The McCarthy era saw a quick snap back to populism, though this time, it was of the right wing. Presidents Johnson and Nixon followed suit. A few decades later, the focus shifted back to the elite in the Bush/Clinton era. Now, Donald Trump and Bernie Sanders have reignited the populist flares of both sides. Like left and right, populism and elitism run, always opposed and never in control for too long. But do either of them have any merits?
Elitism: The Ultimate Gamble
A system that practices elitism has a fairly small number of people making most of the decisions. In a sense, it suggests that people are not properly equipped to decide many things for themselves. Instead, those who are most qualified and specialized should make more important decisions. For example, an elitist is more likely to support the appointment, rather than election, of senators. They believe in reduced importance and role of the people.
Without a doubt, elitism opens itself up to a number of problems. For the sake of simplicity, let’s assume that a monarch in elitist country X makes most or all of the policy decisions. The people have little to no power and can’t vote for a new leader if they don’t like this one.
Three possibilities occur here. First, the leader may, as an expert, do a good job fulfilling the needs of the populace without harming them. Second, he or she may do a poor job in doing so. Third, it is possible (and even likely) that some combination of these previous two outcomes happens.
The Benign Elitist
In the first situation, the leader of country X knows what is best for all of his or her people, and makes decisions that make them happy. Yet such a feat would require a superhuman ability to please. The simple fact of the matter is that no leader can adequately know what is truly best for everyone. The second he or she makes a decision that helps most people, others may see harms.
There are far too many people in any country to make them all happy. Thus, it is impossible for any elitist ruler to do so; the idea is a contradiction. Different people have different needs, and no leader can wave a wand and meet them all. The individuals themselves are far more likely to make these decisions best. After all, they have a vested interest in the situation. For instance, imagine a trial lawyer trying to determine whether to take a risky case. Though his financial advisor may be rich, powerful, and brilliant, he alone truly knows the case; hence, he is the best person to make a final decision about it.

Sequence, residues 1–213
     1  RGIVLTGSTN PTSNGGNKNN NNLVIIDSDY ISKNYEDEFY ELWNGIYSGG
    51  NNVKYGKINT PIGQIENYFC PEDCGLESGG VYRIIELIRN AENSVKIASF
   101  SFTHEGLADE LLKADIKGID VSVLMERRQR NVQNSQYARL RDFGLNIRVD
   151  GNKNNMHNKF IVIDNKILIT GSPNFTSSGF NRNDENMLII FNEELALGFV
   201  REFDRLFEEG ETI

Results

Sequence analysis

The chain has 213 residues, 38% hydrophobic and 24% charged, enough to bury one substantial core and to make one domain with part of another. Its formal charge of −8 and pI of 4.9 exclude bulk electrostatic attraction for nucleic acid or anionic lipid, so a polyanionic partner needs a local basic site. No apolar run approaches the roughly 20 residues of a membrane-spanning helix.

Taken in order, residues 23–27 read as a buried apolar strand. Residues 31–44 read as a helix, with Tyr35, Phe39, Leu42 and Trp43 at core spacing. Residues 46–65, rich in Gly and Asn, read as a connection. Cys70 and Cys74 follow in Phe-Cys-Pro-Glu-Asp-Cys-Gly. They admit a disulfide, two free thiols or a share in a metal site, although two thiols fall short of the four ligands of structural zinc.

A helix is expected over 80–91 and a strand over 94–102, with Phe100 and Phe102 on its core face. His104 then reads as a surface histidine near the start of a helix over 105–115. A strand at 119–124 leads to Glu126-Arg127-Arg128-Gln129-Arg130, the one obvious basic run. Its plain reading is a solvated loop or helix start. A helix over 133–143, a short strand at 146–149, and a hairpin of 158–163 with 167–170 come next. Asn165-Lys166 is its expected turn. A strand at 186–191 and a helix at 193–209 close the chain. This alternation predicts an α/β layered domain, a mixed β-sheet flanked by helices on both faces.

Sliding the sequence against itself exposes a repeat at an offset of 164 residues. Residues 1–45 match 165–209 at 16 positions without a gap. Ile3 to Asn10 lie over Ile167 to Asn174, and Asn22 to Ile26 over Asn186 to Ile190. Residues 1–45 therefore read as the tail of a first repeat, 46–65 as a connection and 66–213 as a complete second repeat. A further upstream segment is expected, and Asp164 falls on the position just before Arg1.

On the contrary, some may state that elitism is necessary for certain functions of life. A baseball coach, for instance, is far more useful than a novice player in teaching how to swing the bat. But politics is not a sport. The swinging of a bat harms nobody unless the player decides not to grip it well. Unfortunately, politics does not work in this manner, and the decisions have much greater impacts. Moreover, political events affect individuals in ways that no elitist can truly understand without being involved. Due to the size of an elite, though, it is almost impossible for them to have knowledge of all people’s needs.
Hit or Miss
Alternatively, elitism offers the possibility that the leader in charge does not satisfy the peoples’ needs. In this case, the power that an elite has can lead to dangerous consequences. Tyranny grows even faster when all of the people in power share it. Without any strong resistance from other people in power, there is not much short of a revolution to stop an unjust elite.
Even if the leader violates the laws of logic and makes truly everyone happy, there is no guarantee that he or she will continue to do so. Moreover, a term of rule is never permanent, and future rulers are unlikely to carry on an identical legacy as past ones. Even if a ruler pleased absolutely everyone, the successor, more than likely, would not.
Thus, it appears that elitism is not an adequate way to promote good. The elitist cannot be truly good, for there are too many people to tend to; it is impossible to do so for all of them. When he or she is bad, the consequences are far too dire. We must not entrust power to those who will be unseeing at best and despotic at worst.
Populism: Lukewarm Water
Populism, on the other hand, gives a far greater role to the people. As stated previously, they tend to support more policies that reflect the desire of the majority, which usually is the working and middle classes. For example, they may strongly support unions and oppose giving government elites too much power. This does not, however, necessarily mean they support smaller government, as many populists support a strongly graduated income tax and high tariffs.